Up to 600 territorial soldiers' jobs to go

New Zealand's six territorial forces will be merged into three, with the loss of up to 600 territorial soldiers, a briefing paper from the New Zealand Defence Force (NZDF) says.

The briefing to incoming Minister of Defence Jonathon Coleman says the Cabinet agreed in August 2011 to merge the six existing battalion groups into three and cut up to 600 army territorial force positions from the existing 1800 funded positions.

The move would achieve savings of $9.25 million.

A NZDF spokeswoman said the restructure was under review over how the battalions would be merged and where the positions would be cut.

Mr Coleman said no final decisions had been made and it was not known when there would be an announcement.

He declined to comment any further yesterday.

Honorary Colonel of the 4th Otago Southland Battalion Stuart McLauchlan said he would not want to see the 150-year-old battalion group disbanded and was confident that would not happen.

He had been part of the consultation process and was confident the "4 O'South" identity and presence would remain in the South, even if, as was one of the options discussed, it was as part of a bigger South Island battalion group.

"It is likely 2 Cants [the 2nd Canterbury, Nelson, Marlborough and West Coast Battalion] and 4 O'South will be brought closer together.

"Southland and Otago will keep an identity, but as for what that identity is, is not known yet."

Mr McLauchlan said there was a review of 4 O'South staff before Christmas last year, and paid employee numbers had dropped from "double digits to single digits".

It was part of the "civilianisation" of military staff, he said.

It was not yet known how many army territorial force positions would be cut at 4 O'South as a result of the merger.

"Unfortunately, we have to live within fiscal constraints," he said.

Labour defence spokesman Iain Lees-Galloway was not surprised the territorial force was being reduced in size, as the NZDF struggled to meet its savings target set by the Government.

"This [the savings they have already identified] is nothing like what they need to save. And if they can't find the savings, you have to ask, what else they are going to cut?

"Territorial Forces are a vital component of any force and cutting territorial force numbers reduces your flexibility and options when you deploy overseas."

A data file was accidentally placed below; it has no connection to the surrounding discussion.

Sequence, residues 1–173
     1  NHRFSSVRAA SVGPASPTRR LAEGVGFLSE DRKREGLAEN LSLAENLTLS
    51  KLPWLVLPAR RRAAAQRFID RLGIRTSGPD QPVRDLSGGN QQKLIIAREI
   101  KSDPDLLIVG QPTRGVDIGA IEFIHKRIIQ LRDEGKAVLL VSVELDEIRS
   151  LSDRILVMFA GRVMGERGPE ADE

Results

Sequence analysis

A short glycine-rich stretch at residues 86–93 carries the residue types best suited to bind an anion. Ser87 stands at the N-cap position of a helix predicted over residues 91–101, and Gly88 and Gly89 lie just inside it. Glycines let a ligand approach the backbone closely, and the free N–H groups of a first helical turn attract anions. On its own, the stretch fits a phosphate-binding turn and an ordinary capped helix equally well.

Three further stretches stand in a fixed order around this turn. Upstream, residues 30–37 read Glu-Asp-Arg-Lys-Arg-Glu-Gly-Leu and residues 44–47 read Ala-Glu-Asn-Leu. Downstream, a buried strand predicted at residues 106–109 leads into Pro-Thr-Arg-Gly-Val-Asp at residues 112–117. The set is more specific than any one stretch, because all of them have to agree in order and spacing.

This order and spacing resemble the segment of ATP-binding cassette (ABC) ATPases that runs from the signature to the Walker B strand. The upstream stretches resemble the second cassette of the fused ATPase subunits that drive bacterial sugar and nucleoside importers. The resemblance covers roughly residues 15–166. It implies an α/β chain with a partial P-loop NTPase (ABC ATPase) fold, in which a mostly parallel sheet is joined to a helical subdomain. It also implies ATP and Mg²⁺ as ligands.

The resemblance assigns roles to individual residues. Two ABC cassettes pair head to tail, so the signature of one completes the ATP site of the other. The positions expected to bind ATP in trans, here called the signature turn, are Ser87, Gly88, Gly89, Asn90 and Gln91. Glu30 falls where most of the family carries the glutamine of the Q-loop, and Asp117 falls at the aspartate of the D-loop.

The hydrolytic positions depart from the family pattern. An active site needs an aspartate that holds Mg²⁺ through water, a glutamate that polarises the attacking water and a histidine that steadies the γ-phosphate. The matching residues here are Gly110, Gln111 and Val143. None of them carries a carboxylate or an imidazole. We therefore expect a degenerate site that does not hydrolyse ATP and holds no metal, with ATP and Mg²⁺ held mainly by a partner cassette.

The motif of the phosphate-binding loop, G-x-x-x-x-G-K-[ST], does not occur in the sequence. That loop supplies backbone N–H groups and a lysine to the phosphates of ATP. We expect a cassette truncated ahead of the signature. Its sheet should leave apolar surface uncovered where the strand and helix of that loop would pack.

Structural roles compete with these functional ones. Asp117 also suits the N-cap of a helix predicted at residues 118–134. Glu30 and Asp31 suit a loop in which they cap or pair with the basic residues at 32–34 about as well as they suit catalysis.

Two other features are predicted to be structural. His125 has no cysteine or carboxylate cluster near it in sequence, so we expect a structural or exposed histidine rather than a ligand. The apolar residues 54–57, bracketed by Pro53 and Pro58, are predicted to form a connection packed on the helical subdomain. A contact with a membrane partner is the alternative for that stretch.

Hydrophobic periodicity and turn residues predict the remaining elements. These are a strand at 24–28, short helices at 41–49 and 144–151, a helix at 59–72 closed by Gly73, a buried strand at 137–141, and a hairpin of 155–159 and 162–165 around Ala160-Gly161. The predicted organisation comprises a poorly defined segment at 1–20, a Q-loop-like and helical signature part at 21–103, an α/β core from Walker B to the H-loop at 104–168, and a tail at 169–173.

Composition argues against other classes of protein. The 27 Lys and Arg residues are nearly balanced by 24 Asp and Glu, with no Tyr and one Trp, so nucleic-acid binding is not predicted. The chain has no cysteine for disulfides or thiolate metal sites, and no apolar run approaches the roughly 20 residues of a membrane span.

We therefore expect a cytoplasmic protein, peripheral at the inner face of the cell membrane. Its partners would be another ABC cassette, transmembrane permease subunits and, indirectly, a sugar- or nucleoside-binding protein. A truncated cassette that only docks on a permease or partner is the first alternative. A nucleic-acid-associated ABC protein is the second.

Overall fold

Changes that did not acknowledge history, like this one, on top of the civilianisation of defence force staff and the slashing of military bands, also lowered even further the already declining morale of defence force staff, he said.

The 4 O'South unit has bases in Dunedin and Invercargill which recruit and train part-time soldiers and officers from the lower half of the South Island.

It provides trained volunteers for overseas operations as required, as well as a trained pool of personnel to respond to civil emergency tasks within New Zealand. The unit trains regularly throughout the year with three-hour training nights, regular weekend exercises and an annual two-week exercise.

History of the 4 O'South

• February 1860: Dunedin and Invercargill Militia Battalions established.

• 1898: 1st Battalion Otago Rifle Volunteers established.

• The Otago Regiment served with distinction in World War 1 at Gallipoli and France, taking particularly heavy losses in the battle of Passchendaele.

• Otago and Southland personnel served mainly with the 20th, 23rd, and 26th Battalions during World War 2 in the Middle East and with the 30th and 37th Battalions of the 3rd New Zealand Expeditionary Force in the Pacific.

• 1948: Otago Regiment and Southland Regiment amalgamated to form the 1st Battalion Otago and Southland Regiment.

• 1964: With the introduction of a single New Zealand Infantry Regiment, the battalion was renamed the 4th Battalion (Otago and Southland) Royal New Zealand Infantry Regiment.

• Since 1945, members of the unit have served across the world, including Korea, East Timor, the Solomon Islands, and the Sinai.

Add a Comment




Our journalists are your neighbours

We are the South's eyes and ears in crucial council meetings, at court hearings, on the sidelines of sporting events and on the frontline of breaking news.

As our region faces uncharted waters in the wake of a global pandemic, Otago Daily Times continues to bring you local stories that matter.

We employ local journalists and photographers to tell your stories, as other outlets cut local coverage in favour of stories told out of Auckland, Wellington and Christchurch.

You can help us continue to bring you local news you can trust by becoming a supporter.

Become a Supporter